Use my ‘Good Buy Guide’ for Summer 2023 colors and fabrics to help you make the right choice for your clothing brand.
If you’re new here, I’m Oren and I advise major brands, private equity, venture capital, and individual creators on what they should be doing with their brands to set them apart. Today’s guide focuses on colors and fabrics to use for your Summer 2023 clothing lines.
Let’s take a look…
Table of Contents
- Fabric Colors To Avoid for Summer 2023
- Trending Color Guide to Summer 2023
- Materials to Avoid When Launching a New Clothing Brand
- Sustainable Fabric Guide for Summer 2023
Activewear, sportswear, fashion, shoes, and accessories… As a clothing brand, you need to know what’s hot and what’s not to stay trending this summer.
This Good Buy Guide for Summer 2023 colors and textiles includes early Fall fashion predictions, and suggestions on sustainable fabrics that’ll keep ’em coming back for more!
Fabric Colors To Avoid for Summer 2023
These are the colors you should absolutely not be using as the primaries for your brand’s collections for this summer…
Watch my TikTok short below on brand colors not to use this summer, or scroll to keep reading the expanded version right here:
This color has absolutely dominated this past Winter, and will continue to dominate this coming Spring. However, by the time we hit Summer 2023, we’ll have hit peak saturation. There’ll be no charcoal, no shadow colors, going into summer for your brand.
I wasn’t going to say pink, but honestly… We’re entering an era of elevated maximalism and Y2K maximalism somehow still hasn’t hit the top. Avoid pink as your solo core color this Summer. As a member of the other colors, pink is still good to use.
This is a middle-brown kind of color. We cant stop the cream wave, and the dark brown wave is also doing just fine, but this kind of middle-ground oatmeal color – and a couple of shades left or right of this – should be avoided.
This is an olive-to-camo green, one that you’ve seen on all of the jackets. I know everyone loves this color and it’s great for Winter, but we’re headed for peak saturation this fall. It’s not going to be the color to use so don’t run with this particular shading this summer. Rather use hunter green or super light green.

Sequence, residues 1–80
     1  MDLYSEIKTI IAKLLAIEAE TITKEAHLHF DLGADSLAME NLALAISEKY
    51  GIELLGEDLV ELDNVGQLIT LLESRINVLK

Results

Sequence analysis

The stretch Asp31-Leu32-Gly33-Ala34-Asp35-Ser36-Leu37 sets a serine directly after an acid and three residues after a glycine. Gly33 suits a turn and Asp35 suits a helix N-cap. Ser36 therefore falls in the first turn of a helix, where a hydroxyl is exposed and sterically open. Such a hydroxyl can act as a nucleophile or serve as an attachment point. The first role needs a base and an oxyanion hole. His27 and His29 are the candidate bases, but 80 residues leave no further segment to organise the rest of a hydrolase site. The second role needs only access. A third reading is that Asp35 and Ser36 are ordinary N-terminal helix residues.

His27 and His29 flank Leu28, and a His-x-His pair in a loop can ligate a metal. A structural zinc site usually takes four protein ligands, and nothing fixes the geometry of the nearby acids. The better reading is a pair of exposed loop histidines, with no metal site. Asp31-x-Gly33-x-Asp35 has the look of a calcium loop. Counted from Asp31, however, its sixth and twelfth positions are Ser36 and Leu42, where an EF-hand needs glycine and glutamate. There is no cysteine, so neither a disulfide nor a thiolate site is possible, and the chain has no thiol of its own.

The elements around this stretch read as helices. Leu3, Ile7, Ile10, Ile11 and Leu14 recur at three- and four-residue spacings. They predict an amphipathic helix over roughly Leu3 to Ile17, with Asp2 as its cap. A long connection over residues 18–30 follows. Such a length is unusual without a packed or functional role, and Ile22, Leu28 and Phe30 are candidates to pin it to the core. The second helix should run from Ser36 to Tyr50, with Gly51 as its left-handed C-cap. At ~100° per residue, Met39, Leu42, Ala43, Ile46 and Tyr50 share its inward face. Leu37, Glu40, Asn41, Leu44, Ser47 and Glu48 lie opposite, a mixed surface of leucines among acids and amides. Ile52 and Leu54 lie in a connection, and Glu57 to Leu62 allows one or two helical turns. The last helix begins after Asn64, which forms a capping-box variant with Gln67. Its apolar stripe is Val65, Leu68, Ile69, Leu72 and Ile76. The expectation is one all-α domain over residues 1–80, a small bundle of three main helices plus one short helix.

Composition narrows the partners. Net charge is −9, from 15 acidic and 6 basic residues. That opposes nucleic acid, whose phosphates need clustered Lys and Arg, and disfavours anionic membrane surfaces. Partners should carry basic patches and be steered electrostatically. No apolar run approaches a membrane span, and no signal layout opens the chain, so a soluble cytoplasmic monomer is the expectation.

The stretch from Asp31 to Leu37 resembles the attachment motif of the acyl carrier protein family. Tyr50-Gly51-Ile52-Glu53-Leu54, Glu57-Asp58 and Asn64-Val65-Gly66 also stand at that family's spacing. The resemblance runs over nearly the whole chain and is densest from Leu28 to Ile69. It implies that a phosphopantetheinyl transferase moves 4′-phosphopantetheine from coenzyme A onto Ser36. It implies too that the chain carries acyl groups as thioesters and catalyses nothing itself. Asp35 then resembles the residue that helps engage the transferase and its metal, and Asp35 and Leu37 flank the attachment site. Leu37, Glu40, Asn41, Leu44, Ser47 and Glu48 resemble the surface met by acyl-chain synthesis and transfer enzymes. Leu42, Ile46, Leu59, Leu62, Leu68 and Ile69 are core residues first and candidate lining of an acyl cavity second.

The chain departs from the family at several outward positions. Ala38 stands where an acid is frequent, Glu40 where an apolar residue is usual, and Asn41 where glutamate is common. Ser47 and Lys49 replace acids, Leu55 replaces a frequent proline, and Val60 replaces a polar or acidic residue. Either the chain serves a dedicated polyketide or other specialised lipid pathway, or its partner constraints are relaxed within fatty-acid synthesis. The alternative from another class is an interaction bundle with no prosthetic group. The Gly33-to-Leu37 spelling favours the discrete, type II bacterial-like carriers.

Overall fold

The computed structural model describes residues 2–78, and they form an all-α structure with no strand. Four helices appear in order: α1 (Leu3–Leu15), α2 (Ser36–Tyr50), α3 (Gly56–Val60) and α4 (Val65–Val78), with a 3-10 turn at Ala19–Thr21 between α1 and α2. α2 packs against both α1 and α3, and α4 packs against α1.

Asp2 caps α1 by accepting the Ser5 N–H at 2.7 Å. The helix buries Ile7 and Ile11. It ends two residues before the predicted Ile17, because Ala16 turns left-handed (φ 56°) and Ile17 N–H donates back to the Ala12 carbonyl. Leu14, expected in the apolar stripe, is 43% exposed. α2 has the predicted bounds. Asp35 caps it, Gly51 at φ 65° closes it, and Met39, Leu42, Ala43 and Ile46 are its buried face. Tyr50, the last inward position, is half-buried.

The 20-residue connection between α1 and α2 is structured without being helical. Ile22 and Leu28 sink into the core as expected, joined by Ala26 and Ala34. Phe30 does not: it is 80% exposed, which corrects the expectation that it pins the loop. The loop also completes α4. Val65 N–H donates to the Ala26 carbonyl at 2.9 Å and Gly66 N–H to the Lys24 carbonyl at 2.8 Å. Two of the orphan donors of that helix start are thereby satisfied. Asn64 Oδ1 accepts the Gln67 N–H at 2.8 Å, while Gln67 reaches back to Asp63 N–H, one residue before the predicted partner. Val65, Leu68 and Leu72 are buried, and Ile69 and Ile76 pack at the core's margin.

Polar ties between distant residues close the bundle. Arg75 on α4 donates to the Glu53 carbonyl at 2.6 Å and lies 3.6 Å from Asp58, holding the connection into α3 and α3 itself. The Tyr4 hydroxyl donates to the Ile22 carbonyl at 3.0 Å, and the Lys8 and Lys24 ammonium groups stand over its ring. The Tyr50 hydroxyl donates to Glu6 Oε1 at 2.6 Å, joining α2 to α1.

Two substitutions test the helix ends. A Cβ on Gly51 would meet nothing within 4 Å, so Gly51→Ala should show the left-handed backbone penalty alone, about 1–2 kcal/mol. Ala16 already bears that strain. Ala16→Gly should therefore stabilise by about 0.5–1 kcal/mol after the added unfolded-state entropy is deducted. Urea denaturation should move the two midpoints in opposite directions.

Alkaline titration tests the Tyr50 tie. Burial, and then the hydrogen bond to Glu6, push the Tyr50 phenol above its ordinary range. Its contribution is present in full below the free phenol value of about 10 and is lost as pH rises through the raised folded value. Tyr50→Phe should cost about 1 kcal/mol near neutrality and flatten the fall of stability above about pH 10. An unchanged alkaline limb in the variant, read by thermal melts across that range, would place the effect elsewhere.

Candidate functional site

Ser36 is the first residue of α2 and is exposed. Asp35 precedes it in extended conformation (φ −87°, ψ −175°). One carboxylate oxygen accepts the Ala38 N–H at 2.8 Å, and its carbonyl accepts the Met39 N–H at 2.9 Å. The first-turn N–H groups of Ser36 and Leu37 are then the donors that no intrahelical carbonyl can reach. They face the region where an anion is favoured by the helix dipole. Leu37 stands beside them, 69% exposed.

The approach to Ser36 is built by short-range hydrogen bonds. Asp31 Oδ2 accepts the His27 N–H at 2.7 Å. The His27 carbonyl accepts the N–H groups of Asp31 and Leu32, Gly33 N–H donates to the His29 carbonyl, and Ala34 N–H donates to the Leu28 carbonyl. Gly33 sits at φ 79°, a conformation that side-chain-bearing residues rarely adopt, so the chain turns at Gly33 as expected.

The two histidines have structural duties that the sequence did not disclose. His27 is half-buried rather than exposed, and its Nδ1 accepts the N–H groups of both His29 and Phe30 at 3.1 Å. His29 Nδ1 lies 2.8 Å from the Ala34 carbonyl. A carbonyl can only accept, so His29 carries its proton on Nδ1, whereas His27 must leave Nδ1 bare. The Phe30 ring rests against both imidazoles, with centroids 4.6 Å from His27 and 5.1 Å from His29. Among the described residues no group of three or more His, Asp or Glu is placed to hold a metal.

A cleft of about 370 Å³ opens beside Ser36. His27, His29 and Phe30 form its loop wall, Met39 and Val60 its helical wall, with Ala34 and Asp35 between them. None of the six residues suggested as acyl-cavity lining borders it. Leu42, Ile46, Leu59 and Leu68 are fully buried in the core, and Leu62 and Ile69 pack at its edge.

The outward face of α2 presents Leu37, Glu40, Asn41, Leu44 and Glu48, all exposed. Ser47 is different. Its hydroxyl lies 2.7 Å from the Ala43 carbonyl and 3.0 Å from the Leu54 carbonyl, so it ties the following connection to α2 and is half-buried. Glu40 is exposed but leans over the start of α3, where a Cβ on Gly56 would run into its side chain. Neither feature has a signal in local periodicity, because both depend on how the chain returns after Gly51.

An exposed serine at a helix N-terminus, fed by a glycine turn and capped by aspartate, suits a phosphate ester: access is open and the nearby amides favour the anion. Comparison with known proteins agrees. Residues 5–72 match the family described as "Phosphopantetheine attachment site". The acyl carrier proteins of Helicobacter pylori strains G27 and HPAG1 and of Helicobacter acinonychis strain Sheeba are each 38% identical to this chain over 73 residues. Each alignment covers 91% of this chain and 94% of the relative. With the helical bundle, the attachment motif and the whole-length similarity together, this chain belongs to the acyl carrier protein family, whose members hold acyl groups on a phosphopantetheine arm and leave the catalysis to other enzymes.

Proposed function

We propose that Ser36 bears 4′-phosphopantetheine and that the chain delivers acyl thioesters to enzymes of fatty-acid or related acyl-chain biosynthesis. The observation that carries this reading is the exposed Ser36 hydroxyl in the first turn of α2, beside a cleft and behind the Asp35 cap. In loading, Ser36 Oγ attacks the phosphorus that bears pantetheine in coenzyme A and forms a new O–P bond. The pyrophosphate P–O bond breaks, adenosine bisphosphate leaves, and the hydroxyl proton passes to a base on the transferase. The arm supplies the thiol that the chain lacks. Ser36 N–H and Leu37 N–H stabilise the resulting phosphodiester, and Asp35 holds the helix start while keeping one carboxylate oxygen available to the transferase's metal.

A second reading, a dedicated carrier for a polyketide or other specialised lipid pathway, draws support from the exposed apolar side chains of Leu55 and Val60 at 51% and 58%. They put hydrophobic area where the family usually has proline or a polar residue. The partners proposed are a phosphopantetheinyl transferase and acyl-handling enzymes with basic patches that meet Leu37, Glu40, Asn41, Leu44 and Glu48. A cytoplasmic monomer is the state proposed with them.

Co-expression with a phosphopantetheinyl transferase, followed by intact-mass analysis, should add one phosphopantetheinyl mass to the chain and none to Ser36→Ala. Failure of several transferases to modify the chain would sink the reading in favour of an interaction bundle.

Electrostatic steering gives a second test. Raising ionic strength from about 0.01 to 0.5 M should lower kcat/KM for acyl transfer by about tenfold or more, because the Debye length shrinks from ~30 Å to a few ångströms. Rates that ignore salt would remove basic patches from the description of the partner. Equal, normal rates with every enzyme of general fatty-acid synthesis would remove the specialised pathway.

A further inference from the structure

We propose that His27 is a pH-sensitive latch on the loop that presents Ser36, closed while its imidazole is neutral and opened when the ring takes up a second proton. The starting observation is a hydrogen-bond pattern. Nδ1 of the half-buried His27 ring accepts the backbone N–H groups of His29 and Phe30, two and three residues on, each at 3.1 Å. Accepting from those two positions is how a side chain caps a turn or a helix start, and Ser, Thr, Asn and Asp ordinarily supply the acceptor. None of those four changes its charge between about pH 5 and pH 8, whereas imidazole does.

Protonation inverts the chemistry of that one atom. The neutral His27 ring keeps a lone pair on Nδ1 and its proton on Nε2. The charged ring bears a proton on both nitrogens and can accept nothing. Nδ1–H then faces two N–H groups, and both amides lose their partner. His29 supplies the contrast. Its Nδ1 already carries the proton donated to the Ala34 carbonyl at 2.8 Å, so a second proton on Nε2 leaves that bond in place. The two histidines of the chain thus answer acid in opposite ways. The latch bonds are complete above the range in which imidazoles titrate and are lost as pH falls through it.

Trending Color Guide to Summer 2023
My go-to reference that people are ahead of the game on the right colors for Summer 2023 is Lorenzo G and studi.log with their patented color schemes. They haven’t posted anything since December though, so I imagine they’re in the lab cooking up something new.
Watch my TikTok short below on trending colors for Summer 2023, or scroll to keep reading the expanded version right here:
Here’s the colors we’re going to see everywhere come Summer 2023, and a little glimpse of what to expect in the fall…
Orange, Lilac, and Blue
Overall, we are in the era of absolute maximalism right now, probably till at least the end of the year. This means you’ll need to use aggressive, standout colors like wild orange, clashing lilac, and deep cobalt blue – all of which has been around all winter long and its not going anywhere until next winter.
We’re not going to be able to escape super strong and bold red. Its already been thrust upon us constantly in most goods, but the brands themselves haven’t quite made the move over to it yet.
Still, lots of shades of red and purple. In the spirit of maximalism, we’re going to be seeing scenes and all kinds of extra stuff all over clothes. It will likely be the end of it all of this by next winter, at least for what’s cool. For now, this is what’s happening in Summer 2023.
And a sneak peak of the late fall… We’re going to see an awful lot of gold come Summer 2023. Rich and deep, accessorize with jewelry that complements.
This summer, you can find success with a whole variety of these colors and color combos but its all about what’s right for your brand and your garments. Overall, I would say play into this era of minimalism while its still here.
Now’s the time to start a jewelry brand! This is the guide that’ll help you differentiate your product in a competitive market. Click here to read more…